Next, with input from The A Team, devise an all-inclusive checklist detailing the
requirements for your project. This list–the team’s bible–should be implemented in
exacting detail and should include the following at a minimum:

  • Required proximity to fiber carriers;

  • Required proximity to regional Bell operating company (RBOC) central office (CO);

  • Location in the building (basement vs. first floor vs. higher in building);

  • Type of building (high-rise vs. warehouse);

  • Required ceiling height;

  • Required floor load;

  • Power generator needs;

  • Conduit requirements;

  • Dry cooler specifications; and

  • Fire suppression guidelines.

Third, create a timeline and stick to it. If it looks like dates are slipping,
find out who is causing the breakdown, tighten the screws and force the project
back on track.

Finally, and most importantly, create transaction accountability through written,
weekly updates. Set benchmarks (e.g., by week three, The A Team will conduct a facility
tour; by week 10, we will sign a lease, etc.). Make sure each component of The A Team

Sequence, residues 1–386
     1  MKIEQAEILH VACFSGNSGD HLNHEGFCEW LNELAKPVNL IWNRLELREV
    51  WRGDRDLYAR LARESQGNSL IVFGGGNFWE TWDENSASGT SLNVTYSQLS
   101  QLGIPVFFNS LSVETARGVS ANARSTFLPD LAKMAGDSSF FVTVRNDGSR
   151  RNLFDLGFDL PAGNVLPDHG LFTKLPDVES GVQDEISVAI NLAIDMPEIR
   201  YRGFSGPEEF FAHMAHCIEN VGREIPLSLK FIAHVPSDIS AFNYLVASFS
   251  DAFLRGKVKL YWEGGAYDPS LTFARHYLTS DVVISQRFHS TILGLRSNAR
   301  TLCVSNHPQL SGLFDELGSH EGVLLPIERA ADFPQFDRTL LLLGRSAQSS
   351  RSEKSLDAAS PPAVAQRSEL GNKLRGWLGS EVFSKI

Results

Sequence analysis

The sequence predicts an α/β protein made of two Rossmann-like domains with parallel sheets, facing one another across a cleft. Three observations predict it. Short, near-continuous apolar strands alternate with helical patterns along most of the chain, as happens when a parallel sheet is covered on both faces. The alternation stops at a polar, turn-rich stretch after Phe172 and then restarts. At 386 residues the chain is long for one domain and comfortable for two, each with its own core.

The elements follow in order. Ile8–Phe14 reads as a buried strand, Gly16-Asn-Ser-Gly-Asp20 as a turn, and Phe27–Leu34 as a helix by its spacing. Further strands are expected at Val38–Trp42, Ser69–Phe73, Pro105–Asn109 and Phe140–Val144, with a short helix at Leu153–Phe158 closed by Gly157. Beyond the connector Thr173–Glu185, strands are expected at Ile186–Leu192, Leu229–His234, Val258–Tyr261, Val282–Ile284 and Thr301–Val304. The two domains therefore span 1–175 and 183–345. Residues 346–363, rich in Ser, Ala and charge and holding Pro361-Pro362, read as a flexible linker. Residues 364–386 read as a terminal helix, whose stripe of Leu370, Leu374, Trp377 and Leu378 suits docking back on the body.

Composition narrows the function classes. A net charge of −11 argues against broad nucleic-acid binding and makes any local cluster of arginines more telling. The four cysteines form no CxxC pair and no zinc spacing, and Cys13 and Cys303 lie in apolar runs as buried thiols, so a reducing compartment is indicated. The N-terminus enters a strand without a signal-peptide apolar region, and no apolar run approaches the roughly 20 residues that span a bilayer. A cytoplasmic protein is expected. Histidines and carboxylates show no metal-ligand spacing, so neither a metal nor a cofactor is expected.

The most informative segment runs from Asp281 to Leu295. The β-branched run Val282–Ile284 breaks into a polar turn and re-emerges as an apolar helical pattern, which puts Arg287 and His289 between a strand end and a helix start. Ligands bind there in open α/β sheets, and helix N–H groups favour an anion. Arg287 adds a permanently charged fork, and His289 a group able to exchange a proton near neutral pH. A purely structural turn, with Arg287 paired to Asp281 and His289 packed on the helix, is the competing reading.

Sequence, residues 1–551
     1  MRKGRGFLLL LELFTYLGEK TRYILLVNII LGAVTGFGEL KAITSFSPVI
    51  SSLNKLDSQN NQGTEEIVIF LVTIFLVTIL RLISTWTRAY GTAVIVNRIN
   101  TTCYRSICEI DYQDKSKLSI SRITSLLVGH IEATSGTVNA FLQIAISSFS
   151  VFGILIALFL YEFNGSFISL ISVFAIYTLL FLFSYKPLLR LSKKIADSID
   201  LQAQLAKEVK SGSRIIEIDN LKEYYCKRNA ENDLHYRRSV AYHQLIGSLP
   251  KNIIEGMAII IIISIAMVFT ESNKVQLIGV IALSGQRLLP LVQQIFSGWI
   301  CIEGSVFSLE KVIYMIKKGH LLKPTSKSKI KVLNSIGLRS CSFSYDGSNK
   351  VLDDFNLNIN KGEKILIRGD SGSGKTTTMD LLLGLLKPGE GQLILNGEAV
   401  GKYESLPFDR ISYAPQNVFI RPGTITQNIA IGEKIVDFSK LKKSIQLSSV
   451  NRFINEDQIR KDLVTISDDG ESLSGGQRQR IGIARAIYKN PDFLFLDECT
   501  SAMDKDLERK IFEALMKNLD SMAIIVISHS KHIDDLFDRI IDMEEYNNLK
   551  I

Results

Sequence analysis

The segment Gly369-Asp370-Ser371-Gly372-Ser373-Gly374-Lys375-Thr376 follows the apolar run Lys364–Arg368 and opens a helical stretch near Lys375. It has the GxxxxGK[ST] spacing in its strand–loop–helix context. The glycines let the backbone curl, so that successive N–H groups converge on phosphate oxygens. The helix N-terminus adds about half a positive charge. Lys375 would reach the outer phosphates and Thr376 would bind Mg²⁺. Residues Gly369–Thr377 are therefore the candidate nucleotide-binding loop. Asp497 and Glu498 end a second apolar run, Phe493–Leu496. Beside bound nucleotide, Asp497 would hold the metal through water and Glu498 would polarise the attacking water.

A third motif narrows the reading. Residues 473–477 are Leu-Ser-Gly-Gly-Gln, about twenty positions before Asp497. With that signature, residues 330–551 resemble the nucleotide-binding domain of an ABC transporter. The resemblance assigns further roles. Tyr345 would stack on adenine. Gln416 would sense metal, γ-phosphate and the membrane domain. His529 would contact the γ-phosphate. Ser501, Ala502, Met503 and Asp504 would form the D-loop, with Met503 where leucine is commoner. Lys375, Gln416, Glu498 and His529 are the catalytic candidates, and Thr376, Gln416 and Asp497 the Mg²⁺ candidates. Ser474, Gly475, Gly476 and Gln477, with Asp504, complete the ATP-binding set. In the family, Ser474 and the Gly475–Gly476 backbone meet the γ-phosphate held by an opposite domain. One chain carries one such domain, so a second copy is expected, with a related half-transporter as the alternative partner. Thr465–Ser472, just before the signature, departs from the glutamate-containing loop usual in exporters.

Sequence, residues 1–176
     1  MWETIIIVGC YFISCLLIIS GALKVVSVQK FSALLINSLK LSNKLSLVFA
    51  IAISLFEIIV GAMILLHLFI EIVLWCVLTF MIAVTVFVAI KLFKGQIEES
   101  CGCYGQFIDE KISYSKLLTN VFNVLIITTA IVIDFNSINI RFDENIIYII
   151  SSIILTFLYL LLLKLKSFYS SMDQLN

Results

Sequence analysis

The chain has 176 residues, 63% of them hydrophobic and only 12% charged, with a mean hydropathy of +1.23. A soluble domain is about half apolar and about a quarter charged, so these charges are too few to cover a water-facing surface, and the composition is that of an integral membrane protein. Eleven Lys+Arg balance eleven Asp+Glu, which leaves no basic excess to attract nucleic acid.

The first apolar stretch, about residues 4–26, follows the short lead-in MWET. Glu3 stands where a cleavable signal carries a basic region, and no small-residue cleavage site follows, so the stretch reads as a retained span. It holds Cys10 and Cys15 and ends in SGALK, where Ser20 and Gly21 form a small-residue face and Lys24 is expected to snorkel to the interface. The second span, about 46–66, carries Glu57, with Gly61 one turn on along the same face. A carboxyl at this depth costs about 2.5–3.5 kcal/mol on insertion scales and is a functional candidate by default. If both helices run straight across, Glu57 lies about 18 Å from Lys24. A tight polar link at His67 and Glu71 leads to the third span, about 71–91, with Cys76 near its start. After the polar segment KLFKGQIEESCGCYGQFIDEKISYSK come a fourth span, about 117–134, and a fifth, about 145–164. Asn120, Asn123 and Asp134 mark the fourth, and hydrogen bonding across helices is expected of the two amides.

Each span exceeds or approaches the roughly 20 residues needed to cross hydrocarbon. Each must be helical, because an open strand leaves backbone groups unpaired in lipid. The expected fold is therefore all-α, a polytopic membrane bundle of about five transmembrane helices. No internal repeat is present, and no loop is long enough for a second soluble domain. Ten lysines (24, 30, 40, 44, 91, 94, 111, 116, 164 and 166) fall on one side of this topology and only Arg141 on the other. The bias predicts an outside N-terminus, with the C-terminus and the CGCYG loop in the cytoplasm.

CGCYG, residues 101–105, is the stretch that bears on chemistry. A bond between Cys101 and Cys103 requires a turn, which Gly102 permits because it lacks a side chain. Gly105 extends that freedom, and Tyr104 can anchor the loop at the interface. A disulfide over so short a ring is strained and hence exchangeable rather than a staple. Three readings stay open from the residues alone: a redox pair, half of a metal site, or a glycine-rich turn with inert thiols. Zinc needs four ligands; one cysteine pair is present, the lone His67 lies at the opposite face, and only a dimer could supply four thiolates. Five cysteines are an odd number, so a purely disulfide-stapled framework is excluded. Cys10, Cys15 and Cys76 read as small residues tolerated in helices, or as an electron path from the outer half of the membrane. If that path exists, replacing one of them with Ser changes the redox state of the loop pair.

fulfills its transaction requirements on a regimented, weekly basis.

The enormous task of technical site selection does not have to be a nightmare. The
daunting prospect of selecting the perfect location has caused us to rewrite the rules of
real estate; location only does not fill the prescription anymore. A well-trained team and
a methodical plan will save time, money and lots of aggravation.

Brant Bernet works for Trammell Crow Co., Dallas, and is a national consultant for
the telecommunications industry. He can be reached at [email protected].

Read more about:

Free Newsletters for the Channel
Register for Your Free Newsletter Now

You May Also Like